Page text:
Prime Minister Tony Abbott’s paid parental leave scheme is looking like it will get short shrift in the Senate in its current form.
The latest alternative proposal comes from think tank the Centre for Independent Studies, which advocates parents taking out a HECS-style loan to fund 26 weeks of paid parental leave.
In its proposal published this morning, the CIS calls for parents to have the option of a loan equal to the pre-baby wages of the primary carer, up to the Coalition’s income cap of $100,000 a year, for 26 weeks.
Currently, Australia spends just under $1.4 billion on statutory paid parental leave to provide more than 130,000 parents with up to 18 weeks of parental leave paid at the full-time minimum wage.
Under Abbott’s scheme, which proposes paying primary carers at their pre-birth wages up to a cap of $100,000 for up to 26 weeks, the CIS claims the government’s outlays on statutory paid parental leave would increase by over $3 billion by 2016–17.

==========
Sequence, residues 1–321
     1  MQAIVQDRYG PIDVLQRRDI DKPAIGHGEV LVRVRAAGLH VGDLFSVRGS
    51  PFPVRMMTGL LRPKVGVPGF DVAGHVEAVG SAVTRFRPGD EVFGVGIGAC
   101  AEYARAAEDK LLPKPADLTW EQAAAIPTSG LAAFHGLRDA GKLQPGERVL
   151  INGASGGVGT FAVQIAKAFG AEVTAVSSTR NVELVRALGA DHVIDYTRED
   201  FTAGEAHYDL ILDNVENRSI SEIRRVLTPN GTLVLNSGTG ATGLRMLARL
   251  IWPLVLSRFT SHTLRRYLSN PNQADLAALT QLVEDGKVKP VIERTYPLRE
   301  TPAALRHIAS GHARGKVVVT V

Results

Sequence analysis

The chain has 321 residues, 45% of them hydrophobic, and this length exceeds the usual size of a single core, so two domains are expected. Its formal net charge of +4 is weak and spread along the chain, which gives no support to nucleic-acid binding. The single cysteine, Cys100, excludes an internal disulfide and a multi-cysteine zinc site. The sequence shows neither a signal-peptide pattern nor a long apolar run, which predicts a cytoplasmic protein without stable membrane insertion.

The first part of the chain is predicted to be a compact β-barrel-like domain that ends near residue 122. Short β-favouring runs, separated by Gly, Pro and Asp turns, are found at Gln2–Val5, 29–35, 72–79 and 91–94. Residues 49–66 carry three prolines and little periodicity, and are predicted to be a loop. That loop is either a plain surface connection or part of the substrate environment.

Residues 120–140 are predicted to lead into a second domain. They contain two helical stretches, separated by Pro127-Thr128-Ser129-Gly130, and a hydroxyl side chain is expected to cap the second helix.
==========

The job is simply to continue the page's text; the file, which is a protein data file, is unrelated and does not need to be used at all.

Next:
Report author Matthew Taylor claims Abbott’s scheme is unfair and too expensive.
“A paid parental leave loans scheme would align the costs of paid parental leave payments with those who benefit from them,” he says.
That’s where Taylor’s reasoning falls apart.
It’s not just the parents who receive paid parental leave payments who benefit from the scheme.
The whole of society benefits from having more children.
The whole of society will also benefit from increasing women’s workforce participation, a critical issue given our ageing population.
Small business is set to be a real winner if Abbott’s scheme actually gets through. It will help small business attract and retain employees who are parents who may otherwise have opted for jobs in larger businesses with generous paid parental leave schemes.
What’s more, small business won’t have to directly pay for the scheme as under Abbott’s proposal it will be funded through a levy on big business.
More debt in the form of a HECS-style loan is the last thing struggling parents and small business needs.